As we begin a new year, many of us are certainly making resolutions involving our health – eat better, exercise more, get more sleep, to name just a few.

But often left off this list is to improve our mental health. Our brains make everything else we do possible and should be prioritized just like the rest of the body.

This is especially true for our children whose brains are still rapidly developing and who are learning healthy habits that will be with them for the rest of their lives.

In normal times, children experience all forms of stress that come with “growing up.” These stresses have only been multiplied with the COVID-19 pandemic and the constant shifting sands of online, in-person, or hybrid school; cancellations of extracurricular activities; and limited interactions with their friends and family. As we navigate this new year, it is important for us to do everything we can to provide these children with the tools and resources to ensure they are able to maintain good mental health. It is also important for schools to identify students at risk of committing suicide or that can harm others to intervene as quickly as possible.

One critical tool we have is the array of resources developed through the Texas Child Mental Health Care Consortium created by legislation which I co-authored in 2019. The Consortium works through regional health institutions to close gaps in mental health care across the state. In South Texas, UTRGV was selected to serve in this role and increase access for all children in our region. In 2019, as vice chair of the Senate Finance Committee, I supported the initial appropriation of $99 million dollars for the Consortium to begin its work. This past Third Called Special Session, we appropriated an additional $113 million to ensure the resources are there for not just preserving mental health services for children but to also expand mental health initiatives for pregnant women, and women who are up to one year postpartum.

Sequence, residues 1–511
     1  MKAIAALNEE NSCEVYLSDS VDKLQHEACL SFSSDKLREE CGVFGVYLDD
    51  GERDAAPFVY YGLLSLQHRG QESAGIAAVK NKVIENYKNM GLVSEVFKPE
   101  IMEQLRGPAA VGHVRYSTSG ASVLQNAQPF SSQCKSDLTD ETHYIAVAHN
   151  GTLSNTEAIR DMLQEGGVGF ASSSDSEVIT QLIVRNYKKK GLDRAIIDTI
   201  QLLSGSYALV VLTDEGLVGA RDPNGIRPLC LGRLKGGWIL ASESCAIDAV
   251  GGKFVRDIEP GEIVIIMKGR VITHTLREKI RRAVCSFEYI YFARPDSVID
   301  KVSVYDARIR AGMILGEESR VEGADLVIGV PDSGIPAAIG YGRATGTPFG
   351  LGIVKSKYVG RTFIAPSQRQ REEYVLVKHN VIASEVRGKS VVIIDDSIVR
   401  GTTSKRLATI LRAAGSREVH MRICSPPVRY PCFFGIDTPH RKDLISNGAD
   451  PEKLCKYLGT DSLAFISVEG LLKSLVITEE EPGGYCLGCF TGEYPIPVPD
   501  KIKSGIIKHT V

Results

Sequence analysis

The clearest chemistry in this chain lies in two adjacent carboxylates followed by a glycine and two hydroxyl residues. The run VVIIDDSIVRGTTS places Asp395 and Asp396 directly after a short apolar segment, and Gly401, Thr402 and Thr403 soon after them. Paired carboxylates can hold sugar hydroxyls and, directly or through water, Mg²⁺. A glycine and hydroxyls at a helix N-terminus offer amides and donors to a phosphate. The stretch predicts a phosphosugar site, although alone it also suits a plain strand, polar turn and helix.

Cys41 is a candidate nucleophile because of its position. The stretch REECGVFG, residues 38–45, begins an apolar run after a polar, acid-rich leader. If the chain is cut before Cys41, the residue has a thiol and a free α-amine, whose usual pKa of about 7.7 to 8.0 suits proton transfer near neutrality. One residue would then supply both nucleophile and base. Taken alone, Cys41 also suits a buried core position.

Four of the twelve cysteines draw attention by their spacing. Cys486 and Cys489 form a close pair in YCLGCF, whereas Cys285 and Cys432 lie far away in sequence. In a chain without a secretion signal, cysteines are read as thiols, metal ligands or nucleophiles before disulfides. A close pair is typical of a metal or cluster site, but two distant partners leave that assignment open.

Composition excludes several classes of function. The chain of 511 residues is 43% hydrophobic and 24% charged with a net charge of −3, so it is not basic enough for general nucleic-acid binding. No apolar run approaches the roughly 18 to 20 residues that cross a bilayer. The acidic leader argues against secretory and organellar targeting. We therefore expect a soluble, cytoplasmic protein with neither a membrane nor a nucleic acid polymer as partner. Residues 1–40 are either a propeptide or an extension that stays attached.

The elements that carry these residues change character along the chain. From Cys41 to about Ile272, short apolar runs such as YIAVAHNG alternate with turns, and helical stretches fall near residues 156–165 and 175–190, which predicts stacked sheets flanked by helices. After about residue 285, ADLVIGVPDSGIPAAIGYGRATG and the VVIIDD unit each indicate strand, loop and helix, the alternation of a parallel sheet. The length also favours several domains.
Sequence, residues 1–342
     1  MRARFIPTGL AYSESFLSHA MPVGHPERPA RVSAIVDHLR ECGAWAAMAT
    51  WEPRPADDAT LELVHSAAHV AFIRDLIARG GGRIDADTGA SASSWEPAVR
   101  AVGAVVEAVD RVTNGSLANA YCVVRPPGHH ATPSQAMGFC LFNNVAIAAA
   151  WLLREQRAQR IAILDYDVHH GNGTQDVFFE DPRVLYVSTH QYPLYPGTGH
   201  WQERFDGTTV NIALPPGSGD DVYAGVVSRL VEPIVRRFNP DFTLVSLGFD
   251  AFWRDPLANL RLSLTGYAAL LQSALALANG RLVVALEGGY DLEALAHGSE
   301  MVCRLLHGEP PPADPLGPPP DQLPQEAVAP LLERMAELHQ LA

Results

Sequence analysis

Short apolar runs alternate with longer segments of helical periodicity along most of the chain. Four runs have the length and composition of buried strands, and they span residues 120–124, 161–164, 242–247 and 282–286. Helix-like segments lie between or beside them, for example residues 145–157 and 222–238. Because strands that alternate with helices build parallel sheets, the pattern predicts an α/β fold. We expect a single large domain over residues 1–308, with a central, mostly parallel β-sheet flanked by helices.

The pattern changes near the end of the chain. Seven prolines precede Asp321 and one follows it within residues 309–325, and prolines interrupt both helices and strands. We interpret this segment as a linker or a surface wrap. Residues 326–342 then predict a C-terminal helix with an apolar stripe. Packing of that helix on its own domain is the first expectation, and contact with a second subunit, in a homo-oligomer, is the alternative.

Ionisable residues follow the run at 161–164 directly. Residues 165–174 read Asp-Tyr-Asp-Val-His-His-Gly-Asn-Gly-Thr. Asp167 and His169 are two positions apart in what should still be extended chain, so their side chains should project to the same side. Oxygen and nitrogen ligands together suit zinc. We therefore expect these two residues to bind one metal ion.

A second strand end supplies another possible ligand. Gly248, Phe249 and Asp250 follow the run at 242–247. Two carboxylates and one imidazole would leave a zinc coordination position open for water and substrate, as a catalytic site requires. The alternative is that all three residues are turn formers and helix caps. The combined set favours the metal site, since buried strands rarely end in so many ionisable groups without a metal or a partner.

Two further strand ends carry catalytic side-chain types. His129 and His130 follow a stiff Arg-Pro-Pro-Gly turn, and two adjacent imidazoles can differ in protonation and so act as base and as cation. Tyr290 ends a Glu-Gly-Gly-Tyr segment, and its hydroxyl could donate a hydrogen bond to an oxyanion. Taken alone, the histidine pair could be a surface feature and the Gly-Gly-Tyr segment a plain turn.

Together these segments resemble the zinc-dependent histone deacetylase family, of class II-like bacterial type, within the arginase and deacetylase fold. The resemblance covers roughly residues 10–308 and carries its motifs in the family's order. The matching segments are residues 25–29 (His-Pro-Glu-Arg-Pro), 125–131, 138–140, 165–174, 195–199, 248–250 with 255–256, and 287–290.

A key program created through the Consortium is the Texas Child Health Access Through Telemedicine (TCHATT) program, which provides school-based access to mental health services. This program creates or expands telemedicine and telehealth programs to identify and assess the mental health needs of at-risk children and youth where they are, school. To date, Brownsville, Corpus Christi, Hidalgo, La Joya, Lasara, McAllen, Rio Hondo, and United school districts as well as the Jubilee Academies participate in this program. This is a good start, but I encourage more school districts to join TCHATT and bring these valuable resources to more students.

Another important program created through the Consortium is the Child Psychiatry Access Network (CPAN), which consists of a network of psychiatrists that provide consultation services and training to primary care physicians throughout the state to improve care for children with behavioral health needs. So far, just short of 2,000 providers have enrolled in CPAN, a number which has been limited due to difficulties associated with COVID-19. As with TCHATT, I urge every provider to enroll in this Network so that children’s mental health issues can be spotted earlier and on a more widespread basis.

We all have a role to play in promoting good physical and mental health. As we begin a new year that is very focused on many aspects of our physical health, let’s not forget the importance of mental health for everyone, children and adult alike. 

Editor’s Note: The above guest column was penned by state Sen. Juan Hinojosa of McAllen. The column appears in The Rio Grande Guardian International News Service with the permission of the author. Hinojosa can be reached by email via: [email protected]

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